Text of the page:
When she comes into town on Saturday, she will be put near Frank, to settle in, then she can go in the paddock. She is putiing on some weight which is marvellous!!
    She has been wormed, gonna get her feet done coz they are shockin.., but yer, ive never had a horse that does this, Frank bobs his head up and down when he gets excited, thats about it..lol..
    Going to get pics developed today, so ill put some piccies up..
    So.. hopefully she will be happy and settle in with the other horses i have..lol.[:-thumbs-up-:][:-happy-:]

    mbs
     
  12. Lington Park

    Lington Park Guest

    Years ago we had a 2year old TB agisted with us and as the owner was doing some pre-training work with it before handing it over to the race trainer, they insisted that it was kept stabled and not put into a paddock.
    One day i was standing outside its yard and was watching it lean over the rails to play with a bit of a fence it could reach (it was a bit of poly pipe over strand wire). While watching this horse for about 5 minutes i watched him learn to windsuck. It was just with him playing with his mouth on the poly pipe and suddenly he took a gulp and you could almost see his brain ticking away tryng to work out what he had done so he could do it again. We modified the yard a few minutes later so he couldnt reach the bit of fence again but by then it was too late as the next day he was trying it out on the stable door etc.
    Even more years ago we had a young 5yr old riding pony out in a paddock next to a crib-biter and we thought it would be ok, but within a few days the pony became a chronic cribber. It was a real eye-opener as to what you can take for granted when it come to windsucking!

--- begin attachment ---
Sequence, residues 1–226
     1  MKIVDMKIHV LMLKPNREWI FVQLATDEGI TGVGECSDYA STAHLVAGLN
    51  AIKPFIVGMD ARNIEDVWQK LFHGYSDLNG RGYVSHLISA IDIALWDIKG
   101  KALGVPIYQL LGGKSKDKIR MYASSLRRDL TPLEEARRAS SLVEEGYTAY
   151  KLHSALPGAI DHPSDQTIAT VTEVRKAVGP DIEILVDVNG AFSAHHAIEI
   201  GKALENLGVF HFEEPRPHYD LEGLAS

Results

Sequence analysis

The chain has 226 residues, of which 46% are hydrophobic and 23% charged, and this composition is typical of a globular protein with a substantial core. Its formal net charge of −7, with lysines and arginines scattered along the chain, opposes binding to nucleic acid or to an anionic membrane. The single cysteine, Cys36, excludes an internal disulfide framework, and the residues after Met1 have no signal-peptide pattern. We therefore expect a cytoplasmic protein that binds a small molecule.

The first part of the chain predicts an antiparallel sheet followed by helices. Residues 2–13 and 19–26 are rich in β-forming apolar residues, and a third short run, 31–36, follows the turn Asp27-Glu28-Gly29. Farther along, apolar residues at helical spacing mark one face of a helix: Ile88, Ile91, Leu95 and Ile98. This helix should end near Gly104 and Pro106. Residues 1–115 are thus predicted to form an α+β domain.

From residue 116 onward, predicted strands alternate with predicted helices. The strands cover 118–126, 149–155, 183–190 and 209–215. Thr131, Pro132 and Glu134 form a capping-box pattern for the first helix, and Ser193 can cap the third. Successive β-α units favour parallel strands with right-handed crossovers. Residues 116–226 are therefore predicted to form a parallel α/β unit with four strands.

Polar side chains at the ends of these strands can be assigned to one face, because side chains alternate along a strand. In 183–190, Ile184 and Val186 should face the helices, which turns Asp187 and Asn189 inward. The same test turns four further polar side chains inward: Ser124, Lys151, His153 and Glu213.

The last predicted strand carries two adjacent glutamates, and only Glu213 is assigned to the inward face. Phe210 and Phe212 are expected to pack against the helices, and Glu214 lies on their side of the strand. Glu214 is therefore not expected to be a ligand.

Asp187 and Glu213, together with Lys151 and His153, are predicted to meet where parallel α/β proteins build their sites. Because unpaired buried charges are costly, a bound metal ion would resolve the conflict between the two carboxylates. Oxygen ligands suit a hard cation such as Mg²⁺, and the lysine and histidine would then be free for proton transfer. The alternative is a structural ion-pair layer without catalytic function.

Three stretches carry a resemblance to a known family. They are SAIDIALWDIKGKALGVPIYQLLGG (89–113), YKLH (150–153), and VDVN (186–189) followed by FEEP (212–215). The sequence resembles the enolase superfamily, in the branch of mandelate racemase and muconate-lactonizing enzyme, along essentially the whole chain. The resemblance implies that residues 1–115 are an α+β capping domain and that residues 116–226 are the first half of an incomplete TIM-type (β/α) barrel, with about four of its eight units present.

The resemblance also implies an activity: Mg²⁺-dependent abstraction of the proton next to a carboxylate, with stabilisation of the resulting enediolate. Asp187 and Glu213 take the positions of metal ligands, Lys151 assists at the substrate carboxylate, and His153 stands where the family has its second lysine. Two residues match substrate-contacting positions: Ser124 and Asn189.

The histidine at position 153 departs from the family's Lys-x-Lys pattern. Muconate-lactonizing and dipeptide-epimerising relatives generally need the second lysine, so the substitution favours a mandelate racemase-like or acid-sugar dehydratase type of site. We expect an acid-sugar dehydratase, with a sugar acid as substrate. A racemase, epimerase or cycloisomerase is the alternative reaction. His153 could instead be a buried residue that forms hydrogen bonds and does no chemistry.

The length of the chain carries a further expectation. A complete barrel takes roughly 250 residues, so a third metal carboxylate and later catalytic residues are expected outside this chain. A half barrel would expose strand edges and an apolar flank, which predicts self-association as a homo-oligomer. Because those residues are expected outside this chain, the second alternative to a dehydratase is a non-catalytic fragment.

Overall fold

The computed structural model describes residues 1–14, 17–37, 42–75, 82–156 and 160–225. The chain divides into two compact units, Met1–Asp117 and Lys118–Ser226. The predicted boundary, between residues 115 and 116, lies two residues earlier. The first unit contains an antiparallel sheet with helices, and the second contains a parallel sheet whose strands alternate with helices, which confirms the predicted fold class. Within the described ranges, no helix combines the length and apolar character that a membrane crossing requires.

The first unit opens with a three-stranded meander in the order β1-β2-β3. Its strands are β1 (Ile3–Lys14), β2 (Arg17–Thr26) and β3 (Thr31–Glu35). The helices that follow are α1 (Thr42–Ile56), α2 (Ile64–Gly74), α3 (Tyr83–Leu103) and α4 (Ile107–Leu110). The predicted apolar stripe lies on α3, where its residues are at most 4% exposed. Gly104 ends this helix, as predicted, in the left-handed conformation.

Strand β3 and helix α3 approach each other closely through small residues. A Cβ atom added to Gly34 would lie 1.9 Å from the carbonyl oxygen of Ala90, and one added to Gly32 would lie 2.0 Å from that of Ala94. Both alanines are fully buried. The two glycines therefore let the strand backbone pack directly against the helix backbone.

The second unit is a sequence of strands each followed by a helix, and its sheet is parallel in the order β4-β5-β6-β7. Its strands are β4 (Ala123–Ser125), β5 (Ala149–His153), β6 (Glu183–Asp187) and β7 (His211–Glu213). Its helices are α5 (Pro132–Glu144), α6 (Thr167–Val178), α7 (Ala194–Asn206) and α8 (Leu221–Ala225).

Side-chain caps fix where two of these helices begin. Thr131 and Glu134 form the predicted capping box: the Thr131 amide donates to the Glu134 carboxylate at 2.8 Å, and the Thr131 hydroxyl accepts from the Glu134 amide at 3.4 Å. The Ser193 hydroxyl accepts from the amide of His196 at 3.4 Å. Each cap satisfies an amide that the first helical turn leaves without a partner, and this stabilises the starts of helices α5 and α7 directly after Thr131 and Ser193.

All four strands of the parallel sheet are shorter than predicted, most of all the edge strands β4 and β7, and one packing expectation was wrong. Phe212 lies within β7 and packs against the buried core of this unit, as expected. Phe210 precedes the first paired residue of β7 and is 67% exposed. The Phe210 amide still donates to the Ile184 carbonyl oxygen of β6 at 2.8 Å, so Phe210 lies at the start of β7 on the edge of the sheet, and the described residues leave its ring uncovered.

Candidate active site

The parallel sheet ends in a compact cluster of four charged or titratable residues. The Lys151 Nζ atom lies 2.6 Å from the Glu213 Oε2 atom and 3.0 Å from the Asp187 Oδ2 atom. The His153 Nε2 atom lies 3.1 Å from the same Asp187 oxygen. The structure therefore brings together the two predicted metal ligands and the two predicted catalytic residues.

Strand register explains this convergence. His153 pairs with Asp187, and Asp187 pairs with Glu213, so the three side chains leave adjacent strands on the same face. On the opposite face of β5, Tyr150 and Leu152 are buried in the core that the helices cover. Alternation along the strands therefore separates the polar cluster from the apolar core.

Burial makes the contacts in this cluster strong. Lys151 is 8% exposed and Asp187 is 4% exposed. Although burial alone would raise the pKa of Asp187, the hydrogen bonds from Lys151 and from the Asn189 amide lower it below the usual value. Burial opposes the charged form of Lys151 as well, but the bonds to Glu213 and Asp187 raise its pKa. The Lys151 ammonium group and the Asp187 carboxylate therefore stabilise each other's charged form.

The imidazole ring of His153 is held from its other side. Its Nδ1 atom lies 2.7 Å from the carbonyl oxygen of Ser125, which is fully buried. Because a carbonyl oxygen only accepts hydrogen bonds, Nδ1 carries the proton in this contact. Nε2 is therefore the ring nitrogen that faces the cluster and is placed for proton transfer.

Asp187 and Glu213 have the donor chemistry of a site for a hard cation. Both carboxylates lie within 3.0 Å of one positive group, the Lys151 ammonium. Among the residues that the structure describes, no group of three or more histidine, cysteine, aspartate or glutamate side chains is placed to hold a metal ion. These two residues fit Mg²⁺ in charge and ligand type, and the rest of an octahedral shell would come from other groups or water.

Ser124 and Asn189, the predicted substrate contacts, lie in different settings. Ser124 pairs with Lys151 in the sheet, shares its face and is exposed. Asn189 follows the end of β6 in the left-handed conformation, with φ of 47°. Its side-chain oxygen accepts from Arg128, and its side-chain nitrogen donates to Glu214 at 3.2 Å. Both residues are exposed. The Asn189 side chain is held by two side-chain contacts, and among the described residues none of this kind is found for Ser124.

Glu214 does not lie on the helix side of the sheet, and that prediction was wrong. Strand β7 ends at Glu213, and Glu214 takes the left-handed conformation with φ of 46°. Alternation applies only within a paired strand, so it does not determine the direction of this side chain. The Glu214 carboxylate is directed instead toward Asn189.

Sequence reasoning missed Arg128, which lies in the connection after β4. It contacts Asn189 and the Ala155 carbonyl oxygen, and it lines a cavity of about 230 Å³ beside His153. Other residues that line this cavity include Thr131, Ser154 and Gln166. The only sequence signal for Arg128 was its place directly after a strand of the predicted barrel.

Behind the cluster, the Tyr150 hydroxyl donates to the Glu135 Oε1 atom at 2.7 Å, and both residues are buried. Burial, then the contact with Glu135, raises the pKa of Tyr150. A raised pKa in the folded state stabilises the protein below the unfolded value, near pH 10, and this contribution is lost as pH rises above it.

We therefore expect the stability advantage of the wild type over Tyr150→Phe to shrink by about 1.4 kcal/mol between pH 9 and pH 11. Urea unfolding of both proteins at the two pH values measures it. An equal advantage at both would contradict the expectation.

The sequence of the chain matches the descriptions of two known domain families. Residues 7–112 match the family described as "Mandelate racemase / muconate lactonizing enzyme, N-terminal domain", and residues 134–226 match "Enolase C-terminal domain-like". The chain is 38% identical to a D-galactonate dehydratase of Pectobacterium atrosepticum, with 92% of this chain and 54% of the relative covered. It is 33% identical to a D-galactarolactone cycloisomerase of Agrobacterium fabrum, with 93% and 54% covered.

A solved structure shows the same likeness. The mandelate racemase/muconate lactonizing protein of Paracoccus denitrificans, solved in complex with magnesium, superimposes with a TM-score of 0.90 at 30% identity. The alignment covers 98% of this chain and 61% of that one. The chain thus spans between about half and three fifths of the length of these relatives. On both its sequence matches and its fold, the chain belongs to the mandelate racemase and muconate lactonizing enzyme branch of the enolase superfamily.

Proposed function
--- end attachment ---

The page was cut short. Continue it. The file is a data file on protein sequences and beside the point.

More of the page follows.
As far as I know the main reason the windsuckers lose weight is due to them being too busy sucking away to bother grazing, plus after a few years their teeth wear down and it would make grazing harder for them too. But when it comes to a hand fed windsucker i have never come across them being too hard to keep weight on other than being typical TB types where some hold weight and some dont.
    Putting up electric fencing etc may stop a crib-biter but I have heard (but never seen) of them using their knee or a hoof to suck on - or even another horse!
    I have only ever seen one true windsucker in my life and it was the most annoying horse! Most crib-biters wont suck once you start saddling them or when you are riding them but this windsucker we had would just gulp away whenever! Go for a walk then stop for a sec and gulp gulp gulp!
    It is really personal choice when it comes to a windsucker/crib-biter. If you can put up with the gulping then it shouldnt be a problem.


    ~~~ Kirst & Dan ~~~
    Lington Park Agistment Centre
    www.freewebs.com/lingtonpark
     
  13. finitey

    finitey Well-known Member

    Well my gelding is a windsucker. I am quite sure that the definition of a windsuker is a horse that gulps down air either by grabbing on a surface or in chronic cases can do it without a surface, although I haven't seen a horse do this. A crib-biter is a vice which involves a horse grabbing at a surface and biting, but no sucking air back and arching of the neck.

    The vice is highly addictve, I have been told it is like us taking up smoking or a heavier drug. It is sad, once taken up a horse can rarely be stopped. Some horses are worse than others, my boy is quite mild, he will suck without a collar, but doesn't lose weight. My understanding is that it is developed out of stress or bordem, hence how common it is in TBs that have raced. From experience it seems genetic also, or perhaps learnt by the foal from a windsucking mother.